Updated: Mar 18
No Vacancy is a story a few of us built together on my author Facebook page. I supplied the picture and the first paragraph, then others joined in. I took those efforts and turned them into the story you'll see below. It was a lot of fun!
The contributors were: Sharon Redgrave, Larry Kurtz, Shilo Niziolek, Sabina Orzari, and Stacey Sannar. Thank you all!
Jimmy rumbled into the motel parking lot, the last strains of Bob Seger's “Turn the Page” blasting from the radio. He cut the engine on his Harley, pulled off his black helmet, swung off the bike, and stretched. Just like in the song, he was feeling strung out from the road. He needed a place to rest and get out of the cold. When he spotted the small motel in the middle of nowhere Nevada, he decided it would work just fine.
The building had a faint air of seediness; some paint peeling here and there, but the small strip garden in front of the office was well-tended with healthy looking succulents and cacti that could survive the wide swing in desert temperatures. The small, pink neon sign over the door had lost the top half of the first “f”, so it appeared to read “Orfice.” A small chill ran up his back, but he gave it up to the dropping temperature of the lonely desert.
As he entered the office, a lady with the face of a bulldog and a glint of mean in her eye was turning in a room key. She plopped a motorcycle helmet on her head and snarled at him while digging at her front teeth with a toothpick.
Maybe I don’t want to stay here, Jimmy thought, then shrugged. Better than falling asleep in a ditch somewhere!
Behind the front desk was a doe-eyed teenager, eyes framed by thick orange glasses. Jimmy tried to joke about the weather, but the girl just popped her pink bubble gum and slid the key across the counter, never saying a word or cracking a smile. He took the key and headed up to the second floor, counting down the numbers until he reached room 27. The 7 hung upside down by one lone screw. He sighed, expecting that when he opened the door, he’d find the room in equal disrepair.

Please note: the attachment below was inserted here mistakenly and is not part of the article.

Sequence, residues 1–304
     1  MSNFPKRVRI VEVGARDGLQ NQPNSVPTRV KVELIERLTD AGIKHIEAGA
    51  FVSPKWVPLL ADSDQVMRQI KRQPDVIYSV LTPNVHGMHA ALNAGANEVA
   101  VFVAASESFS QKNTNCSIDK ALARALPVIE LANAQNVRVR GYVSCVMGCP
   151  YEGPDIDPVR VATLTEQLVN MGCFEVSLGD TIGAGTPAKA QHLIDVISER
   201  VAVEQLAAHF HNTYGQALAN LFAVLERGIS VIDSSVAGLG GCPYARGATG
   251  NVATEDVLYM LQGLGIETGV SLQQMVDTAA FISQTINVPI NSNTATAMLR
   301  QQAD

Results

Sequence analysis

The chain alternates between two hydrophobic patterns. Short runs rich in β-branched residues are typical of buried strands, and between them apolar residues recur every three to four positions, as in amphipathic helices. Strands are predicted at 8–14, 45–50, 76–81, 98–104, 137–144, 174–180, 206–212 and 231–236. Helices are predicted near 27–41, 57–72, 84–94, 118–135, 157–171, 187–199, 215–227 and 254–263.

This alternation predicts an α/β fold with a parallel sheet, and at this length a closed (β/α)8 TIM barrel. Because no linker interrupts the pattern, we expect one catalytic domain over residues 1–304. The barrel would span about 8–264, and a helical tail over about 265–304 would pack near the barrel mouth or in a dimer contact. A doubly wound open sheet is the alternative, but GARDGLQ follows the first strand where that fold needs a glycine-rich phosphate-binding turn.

The stale scent of years’ worth of cigarette smoke hit him in the face when he pushed through the door. He inhaled, hoping to pull some of that old nicotine into his own lungs. He pulled a half-empty bottle of bourbon out of the leather saddle bags he’d thrown across the ratty, white bedspread, and searched around the chipped enamel sink for a plastic-covered motel cup. Nothing. Irritated, he kicked the plastic garbage can.
Why’d she do that to me? I gave her everything she wanted. Or thought I did. Sure, I’m not perfect, but I’m a good guy. The only thing that kept him sane and stopped his mind from spinning was getting back on the road again, but he was beat. He knocked his stuff off the bed and onto the motel room floor, then dropped onto the double bed with his cowboy boots still on. He twisted off the lid on the bourbon and took a long swallow. He was jarred out of his reverie by the ringing of his cell phone.
“Why the hell are you calling me when you’ve framed me?” he asked. “What more could you want?”
The voice on the other end of the phone, once loved, now only grated on his nerves. Every dream of their future together had been dashed by her lying, manipulative ways. Why couldn’t she just leave him in peace. Let him live his own life. The farther he got away from her, the better.
Several hours earlier, he’d stopped for coffee and a pee break in a backwater town. When he came out of the restroom, he thought he’d seen her little red Porsche parked across the street. Of course, it couldn’t be. He’d left that woman a thousand miles behind.
“Jimmy, just let me explain,” her soft southern accent purred through the line.
“Explain what? How you set me up to take the fall for the shit you and your boyfriend pulled? Just leave me alone, Joanne. Forget you ever knew my name. You’ll never get another red cent from me.”
Jimmy reached down and pulled his saddlebags back up onto the bed, checking for the bulky manila envelope. Yep. The money was still there. A half a million in crisp dollar bills. He didn’t have one shred of guilt about taking the money from Joanne and her bank-robber boyfriend.
“I didn’t set you up, darlin’. Everything I did was for us. I miss you, Jimmy. Please come home.”
A loud pounding echoed on the flimsy motel room door. With the phone still pressed to his ear, he swung off the bed and pulled the door open. Joanne stood on the landing, a pleased smile on her ruby-red lips and a pistol aimed directly at his heart. The haunting chorus of “Turn the Page” was the last thing that echoed through Jimmy’s mind.